Natural Flood Management volunteering inspired my academic research career path

At a recent virtual conference hosted by Colne & Calder Rivers Trust, our Prof In Practice, Jonny Grey, crossed paths with Sam Townsend, a final year undergraduate in Geography at the University of Huddersfield. His interests revolve around aquatic macroinvertebrates and Natural Flood Management, which may well strike a chord with many of our members too. So, we’ve opened the WTT blog to Sam as our earliest Early Career Researcher to date.

My final research project for my undergraduate degree is closely tied to my volunteering with Slow the Flow Calderdale. I have been inspired by building leaky woody dams at Crimsworth Dean Beck, Hardcastle Crags with Slow the Flow, and now, as part of my academic studies, I am researching the effects of such leaky dams on macroinvertebrate populations. Aquatic macroinvertebrate monitoring is a critical tool to help indicate river water quality and ecosystem health. The introduction of woody debris into river systems can provide more food sources for aquatic macroinvertebrate populations and, subsequently, fish (and bird) populations, so I hope you find the following of interest. I would also like to share my interests in geography and natural flood management (NFM) and how I became involved with Slow the Flow, and considering how I can utilise everything I have learnt from academia for my future career.

Figure 1
Sam Townsend, sampling for macroinvertebrates using a kick-net as part of his dissertation project

To begin with, where has my enthusiasm for Geography has come from and how that has led me to joining Slow the Flow? I decided to study Geography at A Level when my teacher, Dr Daniel Whittall, was discussing the 2015 Boxing Day Flood and its unprecedented impact on Hebden Bridge. Whilst talking through a number of flood management strategies, he mentioned Slow the Flow’s pilot project; using wood from the Hardcastle Crags Woodland Management scheme as leaky woody dams, in a soft engineering strategy – creating a healthier woodland, and helping to mitigate flood risk downstream in the Calder Valley.

Figure 2
Volunteers building leaky woody dams at Crimsworth Dean Beck, Hardcastle Crags (Sam Townsend, 2021)

At the same time, I was also seeking volunteer opportunities to strengthen my university application, and I thought volunteering for Slow the Flow would be a complementary match for the skills I wanted to develop and be able to demonstrate.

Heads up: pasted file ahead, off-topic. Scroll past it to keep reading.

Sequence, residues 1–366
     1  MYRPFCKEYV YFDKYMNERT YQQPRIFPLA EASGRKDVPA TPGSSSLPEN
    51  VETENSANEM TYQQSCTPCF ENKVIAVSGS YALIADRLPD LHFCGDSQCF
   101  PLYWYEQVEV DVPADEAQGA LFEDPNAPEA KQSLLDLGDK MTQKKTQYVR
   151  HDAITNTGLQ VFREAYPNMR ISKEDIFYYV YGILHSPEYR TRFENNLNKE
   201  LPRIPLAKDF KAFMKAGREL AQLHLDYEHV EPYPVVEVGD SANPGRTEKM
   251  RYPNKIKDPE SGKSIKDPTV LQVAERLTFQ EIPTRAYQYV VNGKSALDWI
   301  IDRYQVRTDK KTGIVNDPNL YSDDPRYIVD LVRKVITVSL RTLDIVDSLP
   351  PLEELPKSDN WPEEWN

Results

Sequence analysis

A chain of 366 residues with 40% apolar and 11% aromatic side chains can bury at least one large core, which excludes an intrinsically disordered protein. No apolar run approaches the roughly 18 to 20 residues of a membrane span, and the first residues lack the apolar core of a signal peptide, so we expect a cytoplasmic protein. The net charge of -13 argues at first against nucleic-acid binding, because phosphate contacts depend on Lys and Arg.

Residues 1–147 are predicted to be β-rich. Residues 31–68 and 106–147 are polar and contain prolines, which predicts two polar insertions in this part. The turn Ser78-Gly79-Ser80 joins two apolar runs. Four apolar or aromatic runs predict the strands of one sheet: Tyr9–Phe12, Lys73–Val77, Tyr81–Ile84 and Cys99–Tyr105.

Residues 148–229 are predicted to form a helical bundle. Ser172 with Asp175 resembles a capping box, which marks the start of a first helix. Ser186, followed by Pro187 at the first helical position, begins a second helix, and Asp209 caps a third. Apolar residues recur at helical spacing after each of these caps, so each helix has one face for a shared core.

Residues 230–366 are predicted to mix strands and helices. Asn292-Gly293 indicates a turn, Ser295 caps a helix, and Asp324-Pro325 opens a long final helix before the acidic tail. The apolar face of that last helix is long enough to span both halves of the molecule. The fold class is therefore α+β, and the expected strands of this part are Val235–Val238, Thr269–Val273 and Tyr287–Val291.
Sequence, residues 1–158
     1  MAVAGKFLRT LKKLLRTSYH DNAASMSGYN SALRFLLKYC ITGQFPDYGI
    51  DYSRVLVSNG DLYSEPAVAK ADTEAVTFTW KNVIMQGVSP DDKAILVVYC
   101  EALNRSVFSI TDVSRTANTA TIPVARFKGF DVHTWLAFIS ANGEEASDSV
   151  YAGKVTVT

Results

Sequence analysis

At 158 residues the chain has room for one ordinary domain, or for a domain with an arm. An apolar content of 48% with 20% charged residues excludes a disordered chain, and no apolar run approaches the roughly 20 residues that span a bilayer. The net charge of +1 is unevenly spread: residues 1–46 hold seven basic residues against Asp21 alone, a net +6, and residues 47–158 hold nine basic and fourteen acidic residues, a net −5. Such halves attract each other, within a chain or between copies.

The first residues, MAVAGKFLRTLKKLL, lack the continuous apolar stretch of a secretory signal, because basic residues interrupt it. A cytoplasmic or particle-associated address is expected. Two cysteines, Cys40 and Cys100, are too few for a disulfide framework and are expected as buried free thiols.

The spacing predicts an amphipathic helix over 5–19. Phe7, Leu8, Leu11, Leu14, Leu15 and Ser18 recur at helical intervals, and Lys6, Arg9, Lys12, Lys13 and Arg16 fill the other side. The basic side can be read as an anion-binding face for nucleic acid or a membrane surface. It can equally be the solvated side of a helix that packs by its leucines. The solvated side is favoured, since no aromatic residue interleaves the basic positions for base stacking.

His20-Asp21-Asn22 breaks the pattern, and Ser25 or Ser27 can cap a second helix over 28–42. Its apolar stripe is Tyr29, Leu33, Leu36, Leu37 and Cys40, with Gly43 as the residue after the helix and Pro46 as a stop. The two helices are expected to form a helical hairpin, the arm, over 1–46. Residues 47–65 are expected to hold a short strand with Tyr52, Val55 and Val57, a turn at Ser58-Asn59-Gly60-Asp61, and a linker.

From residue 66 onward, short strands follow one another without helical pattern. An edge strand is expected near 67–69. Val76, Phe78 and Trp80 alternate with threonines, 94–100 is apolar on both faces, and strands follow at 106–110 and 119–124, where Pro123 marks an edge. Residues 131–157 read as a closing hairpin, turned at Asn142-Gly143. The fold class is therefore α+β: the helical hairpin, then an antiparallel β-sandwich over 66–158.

Volunteering for Slow the Flow was very easy; I met the trustees and other volunteers (locals and professionals from organisations such as the Environment Agency) on alternate Sundays at Hardcastle Crags, all with the common goal to make a difference to flood management. The National Trust rangers give a tool and safety talk to make sure everybody is comfortable using the equipment. When we arrive at the site for the day, we are split into groups and assigned tasks that suit our abilities, whether that is lifting logs to build dam structures, using loppers to create brash, or Himalayan balsam bashing. From being involved in this work on the ground, I knew that I wanted to pursue further study focussing on NFM.

Figure 3
Tool and safety talk from National Trust Rangers (Sam Townsend, 2021)

When applying for university, the University of Huddersfield offered the specialist modules I wanted to study, including hydrological sciences and river management. I can remain local and continue working closely with Slow the Flow and helping to educate the local community; for example, I presented a seminar on NFM and the work Slow the Flow do to my 6th Form. This encouraged some students to volunteer with Slow the Flow, and they have gone into further study with a greater understanding of how effective community groups are at tackling problems caused by climate change.